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Social Justice and Social Theory

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					                            Social Justice and Social Theory

RLE 701r: Ethics Seminar                                              J. Gunnemann
Graduate Division of Religion                                         308 Bishops Hall
Fall, 2005                                                            7-4162

We will read selected contemporary theories of justice, beginning with the revised edition
(1999, first published in 1971) of John Rawls's A Theory of Justice, a re-interpretation of
the social contract tradition; then looking at a variety of alternative perspectives and
critiques: communitarian, neo-Aristotelian, critical theory, and various feminist critiques.
Several perennial issues and questions will guide our inquiry:

1. How is justice related to good and to problems connected to conceptions of good,
   such as personal identity and social integration?
2. How is the problem of justice (and its solution) conceived in relation to the
   purportedly unique problems of “modern” and “post-modern” societies, including its
   plurality of ends, institutional differentiation, and increased rationality?
3. How, and on what grounds, can principles of justice be grounded or justified? A
   related question: How is justice related to problems of legitimacy in modern society?
   (And, Why are these two questions related?)
4. Which social theories (interpreting modern, or “post-modern,” society) are drawn
   upon by the different accounts of justice, making them intelligible and explaining
   their differences? Every theory of justice draws on one or more social theoretical
   traditions which offer specific characterizations of the problematic aspects of the
   modern world (including the problems of good, identity formation, social integration,
   the meaning of freedom, and more) as well as characterizations of human nature
   (moral anthropology). The different social theories often account for many of the
   normative differences.
5. What theological critique can be offered of a given theory? Are any of the theories
   usable by or instructive for theological ethics? Does or must theology modify or add
   something to them? Can these theories stand without theological or quasi-theological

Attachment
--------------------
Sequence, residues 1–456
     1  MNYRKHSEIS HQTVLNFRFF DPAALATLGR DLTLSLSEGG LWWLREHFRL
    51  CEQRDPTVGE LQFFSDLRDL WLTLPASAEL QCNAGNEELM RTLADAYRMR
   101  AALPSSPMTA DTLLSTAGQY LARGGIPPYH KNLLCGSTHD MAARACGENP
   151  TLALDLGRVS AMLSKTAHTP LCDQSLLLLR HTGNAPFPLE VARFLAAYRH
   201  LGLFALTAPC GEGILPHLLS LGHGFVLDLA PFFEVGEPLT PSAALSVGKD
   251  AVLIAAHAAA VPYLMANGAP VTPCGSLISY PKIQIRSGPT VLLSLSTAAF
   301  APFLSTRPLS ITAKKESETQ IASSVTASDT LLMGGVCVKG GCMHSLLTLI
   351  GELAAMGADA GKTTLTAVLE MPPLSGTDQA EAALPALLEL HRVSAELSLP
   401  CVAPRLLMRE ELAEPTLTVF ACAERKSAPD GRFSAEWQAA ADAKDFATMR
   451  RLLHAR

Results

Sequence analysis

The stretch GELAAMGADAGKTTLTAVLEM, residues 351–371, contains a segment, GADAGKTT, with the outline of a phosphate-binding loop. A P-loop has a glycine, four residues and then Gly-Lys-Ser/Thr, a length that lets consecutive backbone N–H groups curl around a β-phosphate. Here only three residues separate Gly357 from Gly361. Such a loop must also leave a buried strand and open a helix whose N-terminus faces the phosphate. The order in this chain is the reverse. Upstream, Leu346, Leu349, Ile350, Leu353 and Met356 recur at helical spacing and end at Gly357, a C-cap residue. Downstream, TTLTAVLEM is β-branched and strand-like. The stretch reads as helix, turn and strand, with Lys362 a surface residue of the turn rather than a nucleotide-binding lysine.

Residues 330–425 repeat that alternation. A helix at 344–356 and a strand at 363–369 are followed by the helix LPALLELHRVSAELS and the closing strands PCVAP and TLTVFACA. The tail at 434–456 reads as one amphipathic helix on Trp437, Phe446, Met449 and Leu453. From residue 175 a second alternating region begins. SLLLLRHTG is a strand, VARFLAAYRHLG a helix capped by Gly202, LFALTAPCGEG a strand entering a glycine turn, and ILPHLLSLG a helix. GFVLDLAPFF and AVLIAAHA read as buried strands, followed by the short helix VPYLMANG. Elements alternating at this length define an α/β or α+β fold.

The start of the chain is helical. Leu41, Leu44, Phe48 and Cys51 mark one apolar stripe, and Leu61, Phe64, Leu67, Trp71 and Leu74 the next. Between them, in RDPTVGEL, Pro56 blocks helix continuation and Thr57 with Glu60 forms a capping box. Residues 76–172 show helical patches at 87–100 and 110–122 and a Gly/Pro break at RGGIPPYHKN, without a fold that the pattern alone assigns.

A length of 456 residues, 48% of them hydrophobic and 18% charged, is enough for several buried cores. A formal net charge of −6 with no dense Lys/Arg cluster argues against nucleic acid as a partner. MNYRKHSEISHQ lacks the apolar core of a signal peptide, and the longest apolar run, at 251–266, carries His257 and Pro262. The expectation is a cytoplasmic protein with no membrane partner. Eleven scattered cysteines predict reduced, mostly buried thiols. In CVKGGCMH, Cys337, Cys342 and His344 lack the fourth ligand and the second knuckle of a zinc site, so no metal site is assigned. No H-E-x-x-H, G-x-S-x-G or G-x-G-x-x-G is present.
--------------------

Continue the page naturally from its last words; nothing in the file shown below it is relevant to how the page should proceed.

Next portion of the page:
grounding?

Since we are reading no theological works, the theological issues and questions must be
brought to the seminar discussion by the participants. We will all have different
backgrounds here, depending on theological persuasion and training. The purpose is not
to bring in theological perspectives as authority, nor to find theological answers for
difficult questions, but to come to see and articulate as clearly as possible how theories of
justice may (or may not) intersect with theological questions. A list of critical formal
questions about theological ethics and theories of justice will be distributed to the
seminar to provoke further thought, but you should not be bound by these.




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Requirements:

(1) Critical preparation of reading and active, collegial seminar participation.

(2) One (possibly two, depending on enrollment) critical seminar paper, about 10 pages
    in length, to initiate discussion of the reading for a chosen seminar session (See
    “Note” below). Copies of these papers should be made available for each member of
    the seminar by e-mail attachment by 9 a.m. on the day of the presentation. All
    members of the seminar should read this paper carefully prior to the Wednesday
    seminar and be prepared to engage in critical discussion of it with the presenter.

(3) A term paper on a topic, chosen in consultation with me, about 20 pages in length,